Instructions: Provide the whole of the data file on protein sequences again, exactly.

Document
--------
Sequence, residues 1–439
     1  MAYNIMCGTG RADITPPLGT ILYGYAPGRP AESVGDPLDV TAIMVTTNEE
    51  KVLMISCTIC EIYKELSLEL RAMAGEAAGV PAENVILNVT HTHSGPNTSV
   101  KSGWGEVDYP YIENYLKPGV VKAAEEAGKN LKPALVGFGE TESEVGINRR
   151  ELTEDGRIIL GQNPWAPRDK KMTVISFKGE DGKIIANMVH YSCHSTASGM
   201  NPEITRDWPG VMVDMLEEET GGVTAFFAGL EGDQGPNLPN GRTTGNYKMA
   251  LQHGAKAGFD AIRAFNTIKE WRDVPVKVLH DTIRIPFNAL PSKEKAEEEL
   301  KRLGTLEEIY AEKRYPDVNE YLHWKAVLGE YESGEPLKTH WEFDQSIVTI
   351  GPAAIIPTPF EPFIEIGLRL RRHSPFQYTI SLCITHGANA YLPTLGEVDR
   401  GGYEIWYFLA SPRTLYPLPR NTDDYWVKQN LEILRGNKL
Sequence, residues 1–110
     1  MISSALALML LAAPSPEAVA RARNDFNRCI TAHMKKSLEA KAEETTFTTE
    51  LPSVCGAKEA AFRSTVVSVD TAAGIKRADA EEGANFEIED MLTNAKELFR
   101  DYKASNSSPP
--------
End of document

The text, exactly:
Sequence, residues 1–439
     1  MAYNIMCGTG RADITPPLGT ILYGYAPGRP AESVGDPLDV TAIMVTTNEE
    51  KVLMISCTIC EIYKELSLEL RAMAGEAAGV PAENVILNVT HTHSGPNTSV
   101  KSGWGEVDYP YIENYLKPGV VKAAEEAGKN LKPALVGFGE TESEVGINRR
   151  ELTEDGRIIL GQNPWAPRDK KMTVISFKGE DGKIIANMVH YSCHSTASGM
   201  NPEITRDWPG VMVDMLEEET GGVTAFFAGL EGDQGPNLPN GRTTGNYKMA
   251  LQHGAKAGFD AIRAFNTIKE WRDVPVKVLH DTIRIPFNAL PSKEKAEEEL
   301  KRLGTLEEIY AEKRYPDVNE YLHWKAVLGE YESGEPLKTH WEFDQSIVTI
   351  GPAAIIPTPF EPFIEIGLRL RRHSPFQYTI SLCITHGANA YLPTLGEVDR
   401  GGYEIWYFLA SPRTLYPLPR NTDDYWVKQN LEILRGNKL
Sequence, residues 1–110
     1  MISSALALML LAAPSPEAVA RARNDFNRCI TAHMKKSLEA KAEETTFTTE
    51  LPSVCGAKEA AFRSTVVSVD TAAGIKRADA EEGANFEIED MLTNAKELFR
   101  DYKASNSSPP